Absolute Zero Image
Metascore
72

Generally favorable reviews - based on 8 Critic Reviews What's this?

User Score
8.5

Universal acclaim- based on 6 Ratings

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Top Track

My Love Took Me Down to the River to Silence Me
My love took me down to the river to silence me And when he left I could not speak I lay on the ground I tried to scream But no sound did come out I... See the rest of the song lyrics
Score distribution:
  1. Positive: 5 out of 8
  2. Negative: 0 out of 8
  1. Q Magazine
    Aug 20, 2013
    80
    LGC seem set to bring a winning edginess to drive time. [Sep 2013, p.106]
  2. 70
    There is a little filler to strip, and Little Green Cars are still a work in progress--but they have already honed a seasoned sound, paying homage to peers beyond their years.
  3. Aug 14, 2013
    70
    There are moments of schmaltz, but these Little Green Cars exude a lorry-load of charm.
  4. 70
    High up the Mumfords scale, checking the boxes for straining vocals, loud and quiet dynamics, thumping bass drums and American gothic lyrics about rivers and literature.
  5. Aug 14, 2013
    60
    The band’s ability to contrast their often dark lyrics with upbeat melodies ensures that there is much more to the record than first meets the eye and, while Little Green Cars may not be the finished article just yet, Absolute Zero proves they undoubtedly have bags of potential.
  6. They show a weakness for the winsome, but Faye O'Rourke's fabulous foghorn fixes that: when she takes the mic, Cars' promise rings out loudly.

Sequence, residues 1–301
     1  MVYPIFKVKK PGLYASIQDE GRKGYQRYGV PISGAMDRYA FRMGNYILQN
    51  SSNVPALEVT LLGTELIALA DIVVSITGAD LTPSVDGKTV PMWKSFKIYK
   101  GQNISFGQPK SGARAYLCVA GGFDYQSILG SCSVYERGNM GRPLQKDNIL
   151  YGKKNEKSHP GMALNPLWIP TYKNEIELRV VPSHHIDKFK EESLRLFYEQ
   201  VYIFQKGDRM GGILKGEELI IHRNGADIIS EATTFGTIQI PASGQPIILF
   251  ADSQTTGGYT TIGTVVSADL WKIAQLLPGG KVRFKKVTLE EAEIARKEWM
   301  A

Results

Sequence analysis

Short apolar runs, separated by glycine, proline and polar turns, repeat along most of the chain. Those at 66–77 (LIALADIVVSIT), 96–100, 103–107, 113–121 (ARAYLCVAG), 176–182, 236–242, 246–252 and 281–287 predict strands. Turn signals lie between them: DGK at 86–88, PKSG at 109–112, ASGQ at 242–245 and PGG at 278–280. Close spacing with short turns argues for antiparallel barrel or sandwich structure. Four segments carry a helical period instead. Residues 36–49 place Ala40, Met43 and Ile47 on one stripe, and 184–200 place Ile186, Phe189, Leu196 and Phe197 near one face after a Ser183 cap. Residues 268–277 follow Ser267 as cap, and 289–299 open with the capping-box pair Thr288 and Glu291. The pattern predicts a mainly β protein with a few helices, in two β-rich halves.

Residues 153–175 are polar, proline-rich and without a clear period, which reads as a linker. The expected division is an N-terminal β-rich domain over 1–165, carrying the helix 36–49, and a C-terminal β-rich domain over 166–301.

7. Aug 19, 2013
    60
    Appleby lays it on a bit thick, which is why Faye O'Rourke's powerful, bruised vocals on three songs out of 11 prove a welcome respite.

See all 8 Critic Reviews

Score distribution:
  1. Positive: 1 out of 1
  2. Mixed: 0 out of 1
  3. Negative: 0 out of 1
  1. Nov 23, 2016
    7
    Little Green Cars are an ambitious bunch if nothing else. The sounds put together on their debut "Absolute Zero" make it clear that the bandLittle Green Cars are an ambitious bunch if nothing else. The sounds put together on their debut "Absolute Zero" make it clear that the band are aiming for the stars/charts as they take a range of indie styles and apply them to their own compositions. You can hear the "influence" of Arcade Fire, Mumford and Sons and Bon Iver throughout the record as well as a bit of Fleet Foxes. This is more in terms of production values and studio work rather than the bands actual songs. This is no surprise as they recruited Markus Dravs to man the production controls, a man who has worked with several of the afore mentioned bands. Obviously, an indie rock band don't get a number one album, even in their home market, without being somewhat decent. There is clearly more to the band than a tribute to the best of the early 2010's music scene. One of the most puzzling things for me is the American accents from a band hailing from Dublin, Ireland. It no doubt broadens the appeal of their sounds but this is never a good enough reason to sing in a specific accent that is not your own. "Absolute Zero" has some great moments, "The John Wayne" being the standout example along with "Please" and opener "Harper Lee". When the band are playing with freedom they are great. The record does improve with repeated listens which is always a good sign of an album. Expand